Day 6-7: Vermont

Today the Turleys venture out to see if we can find a moose and to experience more of Vermont. We will start again with breakfast in downtown Randolph, which serves up heaping piles of blueberry pancakes and its own Maple syrup. While it is snowing a bit, the temperatures are not bad (in the 40s) for venturing out into the woods.

Yesterday I gave my lecture on morality and the law at Vermont Law School. I spent most of the day with students and faculty, including speaking to the constitutional law class of Professor Cheryl Hanna. It was a terrific visit. Vermont Law School is a unique institution. Nestled in the hills around South Royalton, the campus is 13 acres and set just above the broad banks of the White River.
The oldest and centermost classroom building was built in 1892.

The school focuses on environmental law and the students are involved in a wide array of public interest activities. From their composting toilets to their intense energy conservation programs, the school is a model of environmentally correct living. The students also benefit for a large faculty that is incredibly close and accessible to their students. You can feel the positive energy in this place and the great affection between the faculty and students. The students also benefit from an array of innovative programs, including courses that take students through an array of practice exercises to train them for the real tasks of lawyering.

From the large rabbits living on the campus to the array of old wooden houses used for classes, Vermont Law School is an idyllic place for students to learn the law. It is also the perfect backdrop for one of the best environmental programs in the world.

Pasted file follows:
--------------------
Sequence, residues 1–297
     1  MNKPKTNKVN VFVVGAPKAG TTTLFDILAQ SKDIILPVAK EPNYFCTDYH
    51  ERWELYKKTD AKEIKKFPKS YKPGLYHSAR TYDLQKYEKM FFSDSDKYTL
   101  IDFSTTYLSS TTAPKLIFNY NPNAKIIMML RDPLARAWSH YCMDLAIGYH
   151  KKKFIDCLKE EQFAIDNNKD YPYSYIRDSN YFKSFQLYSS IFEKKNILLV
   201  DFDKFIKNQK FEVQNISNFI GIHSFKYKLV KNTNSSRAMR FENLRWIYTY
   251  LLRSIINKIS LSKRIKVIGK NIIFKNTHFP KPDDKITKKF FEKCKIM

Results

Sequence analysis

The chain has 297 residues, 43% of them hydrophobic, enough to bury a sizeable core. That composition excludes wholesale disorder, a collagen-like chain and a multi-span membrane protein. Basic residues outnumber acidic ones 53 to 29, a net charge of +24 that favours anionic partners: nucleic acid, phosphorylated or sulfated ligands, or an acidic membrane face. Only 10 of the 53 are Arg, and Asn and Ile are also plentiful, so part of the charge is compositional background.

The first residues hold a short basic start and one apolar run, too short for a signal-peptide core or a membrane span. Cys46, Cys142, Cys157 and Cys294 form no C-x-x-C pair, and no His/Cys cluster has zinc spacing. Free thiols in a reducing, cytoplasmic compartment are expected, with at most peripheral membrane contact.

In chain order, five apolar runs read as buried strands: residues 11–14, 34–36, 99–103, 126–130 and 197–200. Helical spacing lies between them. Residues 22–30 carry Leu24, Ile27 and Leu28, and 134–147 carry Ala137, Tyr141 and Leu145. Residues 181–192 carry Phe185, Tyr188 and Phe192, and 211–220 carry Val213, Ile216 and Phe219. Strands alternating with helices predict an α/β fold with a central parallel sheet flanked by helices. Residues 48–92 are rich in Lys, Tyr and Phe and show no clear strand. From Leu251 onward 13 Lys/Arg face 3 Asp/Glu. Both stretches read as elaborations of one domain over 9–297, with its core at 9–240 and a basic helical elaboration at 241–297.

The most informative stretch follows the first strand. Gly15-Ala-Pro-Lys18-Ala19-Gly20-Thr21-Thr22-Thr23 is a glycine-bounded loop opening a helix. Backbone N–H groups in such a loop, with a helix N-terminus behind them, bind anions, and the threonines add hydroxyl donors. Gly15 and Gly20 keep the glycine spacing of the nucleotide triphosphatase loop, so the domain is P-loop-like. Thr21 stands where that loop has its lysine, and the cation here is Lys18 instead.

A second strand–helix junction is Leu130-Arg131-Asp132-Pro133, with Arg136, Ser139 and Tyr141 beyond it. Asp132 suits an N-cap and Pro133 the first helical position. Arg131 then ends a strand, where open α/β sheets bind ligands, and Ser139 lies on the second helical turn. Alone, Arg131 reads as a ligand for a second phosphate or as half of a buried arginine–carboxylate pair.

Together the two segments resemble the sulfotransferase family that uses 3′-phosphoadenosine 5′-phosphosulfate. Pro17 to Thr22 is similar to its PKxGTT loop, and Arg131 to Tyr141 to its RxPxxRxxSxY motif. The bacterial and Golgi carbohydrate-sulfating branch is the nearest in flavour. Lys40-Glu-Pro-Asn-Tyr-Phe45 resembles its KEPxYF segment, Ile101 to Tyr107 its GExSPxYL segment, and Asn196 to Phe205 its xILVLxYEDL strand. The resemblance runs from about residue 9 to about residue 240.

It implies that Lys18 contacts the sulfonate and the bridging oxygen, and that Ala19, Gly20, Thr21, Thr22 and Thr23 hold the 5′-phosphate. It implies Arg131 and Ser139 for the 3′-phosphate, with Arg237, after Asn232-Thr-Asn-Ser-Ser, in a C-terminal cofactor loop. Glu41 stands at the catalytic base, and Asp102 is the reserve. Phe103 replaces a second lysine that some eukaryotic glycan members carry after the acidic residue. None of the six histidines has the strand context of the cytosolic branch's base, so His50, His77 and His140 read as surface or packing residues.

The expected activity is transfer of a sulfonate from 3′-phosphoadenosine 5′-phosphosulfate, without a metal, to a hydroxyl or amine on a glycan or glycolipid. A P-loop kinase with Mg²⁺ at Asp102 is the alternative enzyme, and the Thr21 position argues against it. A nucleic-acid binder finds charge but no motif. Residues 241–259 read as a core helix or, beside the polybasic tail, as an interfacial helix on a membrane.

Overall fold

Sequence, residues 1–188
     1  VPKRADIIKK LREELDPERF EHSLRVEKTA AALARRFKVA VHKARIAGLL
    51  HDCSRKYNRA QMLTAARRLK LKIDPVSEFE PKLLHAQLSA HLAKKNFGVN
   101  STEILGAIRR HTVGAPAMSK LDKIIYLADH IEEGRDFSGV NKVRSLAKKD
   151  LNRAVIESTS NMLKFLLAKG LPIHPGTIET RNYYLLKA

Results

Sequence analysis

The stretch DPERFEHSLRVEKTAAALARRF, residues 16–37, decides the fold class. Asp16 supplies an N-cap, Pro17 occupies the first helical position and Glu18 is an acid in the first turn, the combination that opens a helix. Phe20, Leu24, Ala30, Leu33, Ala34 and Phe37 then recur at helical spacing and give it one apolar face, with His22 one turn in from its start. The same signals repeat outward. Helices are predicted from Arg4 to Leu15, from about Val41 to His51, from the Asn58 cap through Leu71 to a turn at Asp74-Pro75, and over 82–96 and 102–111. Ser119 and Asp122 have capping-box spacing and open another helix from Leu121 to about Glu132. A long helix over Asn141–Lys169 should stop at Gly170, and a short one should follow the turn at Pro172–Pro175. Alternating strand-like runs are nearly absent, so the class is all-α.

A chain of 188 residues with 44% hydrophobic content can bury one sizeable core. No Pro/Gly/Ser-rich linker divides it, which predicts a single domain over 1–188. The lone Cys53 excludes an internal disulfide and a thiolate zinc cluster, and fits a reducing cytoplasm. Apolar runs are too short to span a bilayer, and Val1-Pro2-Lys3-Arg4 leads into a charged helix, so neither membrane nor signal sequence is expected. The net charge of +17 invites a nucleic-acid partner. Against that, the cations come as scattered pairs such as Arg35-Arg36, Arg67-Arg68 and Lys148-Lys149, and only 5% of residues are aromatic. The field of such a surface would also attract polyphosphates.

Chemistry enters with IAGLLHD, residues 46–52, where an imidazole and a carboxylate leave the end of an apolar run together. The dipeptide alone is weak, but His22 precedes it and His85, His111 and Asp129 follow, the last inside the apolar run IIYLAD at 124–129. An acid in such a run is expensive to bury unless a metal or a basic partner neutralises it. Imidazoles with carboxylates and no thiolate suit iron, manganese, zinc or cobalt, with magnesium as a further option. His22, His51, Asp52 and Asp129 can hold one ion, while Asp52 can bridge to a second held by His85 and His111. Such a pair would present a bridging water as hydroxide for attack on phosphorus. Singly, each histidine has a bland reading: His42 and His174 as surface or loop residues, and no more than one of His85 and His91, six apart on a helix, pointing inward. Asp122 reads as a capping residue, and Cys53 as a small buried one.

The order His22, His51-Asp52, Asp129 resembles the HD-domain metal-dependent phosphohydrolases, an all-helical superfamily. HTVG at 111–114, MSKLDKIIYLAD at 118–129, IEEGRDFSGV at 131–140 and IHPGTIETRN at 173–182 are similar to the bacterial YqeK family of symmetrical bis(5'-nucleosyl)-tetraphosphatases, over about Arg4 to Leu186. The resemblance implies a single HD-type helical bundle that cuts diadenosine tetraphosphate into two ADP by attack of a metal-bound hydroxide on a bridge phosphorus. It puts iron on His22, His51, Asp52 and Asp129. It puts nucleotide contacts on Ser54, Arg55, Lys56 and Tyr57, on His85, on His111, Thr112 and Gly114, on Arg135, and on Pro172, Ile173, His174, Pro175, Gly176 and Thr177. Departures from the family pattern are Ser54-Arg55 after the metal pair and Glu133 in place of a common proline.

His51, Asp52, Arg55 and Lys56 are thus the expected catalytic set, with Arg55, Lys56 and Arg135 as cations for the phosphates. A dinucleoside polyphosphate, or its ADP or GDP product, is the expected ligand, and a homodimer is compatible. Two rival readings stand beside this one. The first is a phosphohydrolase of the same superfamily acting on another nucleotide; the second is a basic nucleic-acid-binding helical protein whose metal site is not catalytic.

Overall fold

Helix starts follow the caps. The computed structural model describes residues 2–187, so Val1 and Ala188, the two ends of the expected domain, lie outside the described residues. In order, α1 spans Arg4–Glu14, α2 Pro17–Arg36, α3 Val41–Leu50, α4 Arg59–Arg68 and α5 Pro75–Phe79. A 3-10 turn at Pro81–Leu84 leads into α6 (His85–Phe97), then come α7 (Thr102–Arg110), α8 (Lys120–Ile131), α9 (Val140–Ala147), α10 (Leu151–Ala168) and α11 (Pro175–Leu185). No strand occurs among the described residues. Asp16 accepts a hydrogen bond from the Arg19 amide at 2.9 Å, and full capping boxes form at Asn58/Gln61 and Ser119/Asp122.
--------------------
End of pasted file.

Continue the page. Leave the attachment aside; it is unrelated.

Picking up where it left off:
While I was at the law school, Leslie and the kids went the the Ben and Jerry’s factory and had a wonderful time. They were making Milk and Cookies ice cream and gave them samples, which they loved. They then went around the small villages and the hills.

We finished the day at the Three Stallion Inn in Randolph. Every night we have returned to Morgan’s Pub. The pub is a warm and inviting place serving the best of the Vermont beers and cuisine (Leslie and I particularly liked Switchback beer made in Burlington, Vermont). We have developed an addiction to their onion rings and Frickles (fried pickles). We instantly bonded with the owner and “our” waitress at the pub, who have suggested an array of activities for the kids. Last night was trivia night and all of the locals came for an intense game of trivia. The Turleys did not exactly cover themselves with glory. We stunk at identifying modern music — a bit tough with a team composed of two uncool parents and kids with a music experience that ranged from Barney to Beiber. While we did not win any of the seven rounds, we had a ball. Everyone in the pub was friendly and having a great time.

I have always loved Vermont and this trip only reinforced that feeling. People here are universally nice and engaging. The entire state is gorgeous with deep forests and charming little towns. We will be reluctant to leave in the morning, but we still have one more day to explore the back roads of the Green Mountain state.

13 thoughts on “Day 6-7: Vermont

  1. Wonderful….. But aren’t there some other institutions situated in the hills….. Oh yes….. Killington….. Great skiing and tennis…..

  2. You went to school, and your wife & kids went to Ben & Jerry’s for free samples? I’m with your wife & kids.

  3. We ae glad to hear that those law students are keeping close tabs on the shitter. It will help when they get out and run into some civil rights cases. We still got some of our outhouses down here segregated. No dogs allowed.

  4. Your talk was fascinating – I thoroughly enjoyed it. And we’re so glad you like Vermont and VLS. Come again!

  5. Thank you, Professor Turley, for a very interesting and thought provoking lecture. You always manage to clearly state the issues (and often with a bit of humor) regardless of how complex the subject is. I agree, Vermont is a special place!

  6. Thanks for your nice words about VLS. As an alum, I can say you captured the spirit of the school perfectly. I am glad that you had a positive experience and am sorry to have missed what sounds like a fascinating talk!

  7. The VLS community thoroughly enjoyed your talk. I was wishing you were in attendance to the event that followed your lecture on world-wide LGBTI issues. I’m sure you could have added a valuable perspective to the conversation. Thank you again for your contribution to our education.

  8. Thank you, Jonathan, for your engaging presentation, your humor, and finally, your shout out to VLS’s General Practice Program.

Comments are closed.